The year 2001 produced its share of catastrophes: major terrorist campaigns in D.C. and New York, a widespread anthrax scare -- and J. Lo's solo debut. Fortunately, there's plenty worth remembering about the first official year of the new millennium, as artists of every genre proved that music still matters, maybe now more than ever. Despite something a young Bob Dylan once said, sometimes you should look back.


Norman Blake
Flower From the Fields of Alabama (Shanachie)
Another gem from the great singer and guitarist Norman Blake, whose career received a well-deserved boost when he appeared on the O Brother, Where Art Thou? soundtrack. Flower is a typically eclectic collection of such Southern musical delights as "Salty Dog," "Sitting on Top of the World" and "If We Never Meet Again (This Side of Heaven)." The 63-year-old Blake sings them all in his plaintive, out-of-the-past voice. This is American roots music at its best. -- David Hill

Rodney Crowell
The Houston Kid
(Sugar Hill)
For many years, Rodney Crowell was among the most literate singer-songwriters working in the Nashville idiom. But because literacy is no longer in vogue at the major labels that control commercial C&W, he's now plying his trade on an independent level. This shift in status has done nothing to undermine his skills, however. The Houston Kid is among Crowell's most moving and finely detailed pieces. -- Michael Roberts

Bob Dylan
Love and Theft
Time Out of Mind, which earned a Grammy as 1997's best album, is one of the most overrated platters in the Dylan library; in the wake of a serious illness that threatened to silence the Voice of His Generation, the long-player's exhaustion was interpreted as profundity. But its reception has clearly energized Dylan, who sounds livelier on Love and Theft than he has in ages. In comparison with Mind, the new CD's language is sharper, its observations keener, its music more varied. Ol' Bob still has a lot of life left in him. -- Roberts

Robbie Fulks
13 Hillbilly Giants
A beer-soaked, tear-stained tour through Fulks's record collection, 13 Hillbilly Giants finds the Texas troubador covering songs by some of his favorite country singers, including Bill Anderson ("Cocktails"), Wynn Stewart ("Donna on My Mind"), Jean Shepard ("Act Like a Married Man") and Hylo Brown ("Bury the Bottle With Me"). As Fulks opines in the liner notes, "Their songs don't flinch before despair, self-loathing, God, sex and its discontents, insane happiness, or plain insanity." If you think Garth Brooks is a pansy, 13 Hillbilly Giants is for you. -- Hill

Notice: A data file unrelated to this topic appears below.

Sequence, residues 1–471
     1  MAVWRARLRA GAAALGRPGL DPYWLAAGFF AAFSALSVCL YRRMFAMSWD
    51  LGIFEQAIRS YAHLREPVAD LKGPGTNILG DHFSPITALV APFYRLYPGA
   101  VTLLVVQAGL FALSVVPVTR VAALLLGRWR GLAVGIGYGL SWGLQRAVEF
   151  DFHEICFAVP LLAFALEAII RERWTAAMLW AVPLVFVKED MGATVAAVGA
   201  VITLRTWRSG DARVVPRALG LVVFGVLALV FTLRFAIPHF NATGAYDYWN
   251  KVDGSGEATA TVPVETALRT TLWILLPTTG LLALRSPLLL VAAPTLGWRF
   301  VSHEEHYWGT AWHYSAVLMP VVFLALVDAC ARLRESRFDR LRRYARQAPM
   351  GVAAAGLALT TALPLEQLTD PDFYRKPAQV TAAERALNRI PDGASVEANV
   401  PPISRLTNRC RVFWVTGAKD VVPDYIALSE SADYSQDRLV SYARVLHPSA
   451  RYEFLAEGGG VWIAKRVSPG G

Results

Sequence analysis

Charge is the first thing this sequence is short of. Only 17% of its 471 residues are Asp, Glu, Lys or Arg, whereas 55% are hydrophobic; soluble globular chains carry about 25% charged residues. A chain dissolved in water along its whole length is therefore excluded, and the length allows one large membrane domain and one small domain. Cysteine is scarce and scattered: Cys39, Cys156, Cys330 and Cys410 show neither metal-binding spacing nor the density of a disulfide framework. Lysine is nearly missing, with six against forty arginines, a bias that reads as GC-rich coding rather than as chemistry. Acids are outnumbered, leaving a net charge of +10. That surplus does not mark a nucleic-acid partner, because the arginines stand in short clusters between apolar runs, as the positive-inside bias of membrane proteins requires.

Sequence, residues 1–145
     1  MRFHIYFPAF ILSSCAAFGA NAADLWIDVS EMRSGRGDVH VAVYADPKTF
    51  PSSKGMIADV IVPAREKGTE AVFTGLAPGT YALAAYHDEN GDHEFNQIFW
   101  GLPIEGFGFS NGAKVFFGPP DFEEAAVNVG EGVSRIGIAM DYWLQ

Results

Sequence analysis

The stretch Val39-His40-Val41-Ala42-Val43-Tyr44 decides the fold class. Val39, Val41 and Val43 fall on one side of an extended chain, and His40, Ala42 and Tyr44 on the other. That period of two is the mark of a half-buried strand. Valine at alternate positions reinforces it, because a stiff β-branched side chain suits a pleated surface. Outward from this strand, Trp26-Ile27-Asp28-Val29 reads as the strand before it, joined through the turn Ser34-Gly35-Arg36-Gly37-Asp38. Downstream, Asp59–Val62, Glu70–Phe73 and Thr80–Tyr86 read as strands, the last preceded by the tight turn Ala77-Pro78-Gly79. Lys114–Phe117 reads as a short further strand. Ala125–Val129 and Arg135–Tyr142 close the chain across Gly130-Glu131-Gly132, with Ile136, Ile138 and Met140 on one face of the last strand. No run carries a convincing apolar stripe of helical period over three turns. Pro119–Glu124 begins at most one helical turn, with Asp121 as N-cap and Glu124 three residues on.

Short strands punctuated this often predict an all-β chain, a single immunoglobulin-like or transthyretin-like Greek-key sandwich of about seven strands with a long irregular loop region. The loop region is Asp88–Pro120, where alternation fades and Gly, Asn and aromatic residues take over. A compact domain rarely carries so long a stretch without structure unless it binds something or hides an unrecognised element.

Merle Haggard
Roots Volume 1
Recorded live in Haggard's living room with the singer's crack band, Roots is a quirky but heartfelt tribute to country music's last great era, before rock and roll changed things forever. The Hag, his buttery voice in fine form, sings five songs written by his hero Lefty Frizzell, who in 1953 invited a sixteen-year-old Haggard on stage to sing a song at the Rainbow Gardens in Bakersfield, California. With additional numbers by Hank Thompson, Hank Williams and Haggard himself, Roots is a retro-country delight. -- Hill

Joni Harms
After All
(Real West)
Western swing is tough to pull off in this day and age: Acts attempting to catch its innocence and naiveté can easily miss the mark and wind up sounding either too coy or overly campy. Joni Harms avoids both of these traps through simple sincerity and the lightest of touches. On ditties such as "Weakness for Cowboys" and "Ay Yi Yi Yi," with its merry mariachi horns, her crooning is as airy and refreshing as a cool breeze on a humid summer night. -- Roberts

Kelly Hogan
Because It Feels Good
Kelly Hogan calls her album "a tender bummer makeout record," and that just about captures it. The songs are an eclectic lot, having been penned by tunesmiths ranging from Charlie Rich to Smog's Will Callahan, but Hogan and a gaggle of cohorts including Andrew Bird give them a cohesive feel. And then there's Hogan's throaty voice, which is capable of evoking heartbreak at the drop of a note. Spin this when you're in the doldrums -- because it feels good. -- Roberts

Patty Loveless
Mountain Soul
A superb collection of traditional and contemporary bluegrass songs, Mountain Soul soars above the blander-than-bland "product" coming out of Nashville these days. The Kentucky-born Loveless sings with a chill-inducing purity that's all but disappeared from country music. No wonder bluegrass is enjoying a renaissance these days: Where else can you still hear honest, sometimes scary songs about love and loneliness, sin and redemption -- and drinking? -- Hill

Buddy and Julie Miller
Buddy and Julie Miller
On their first official album as a couple, the shamefully overlooked Buddy and Julie Miller take us down love's lost highway, where trouble's always waiting around the bend. It's a ride worth taking, though. Buddy, who plays guitar for Emmylou Harris, has released three critically acclaimed albums, all of them masterpieces of country soul. (Think Hank Williams meets Otis Redding.) His wife, Julie, is a top-notch songwriter whose girlish voice is an acquired taste. Together they sound like George and Tammy gone alt-country. -- Hill

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Laura Bond
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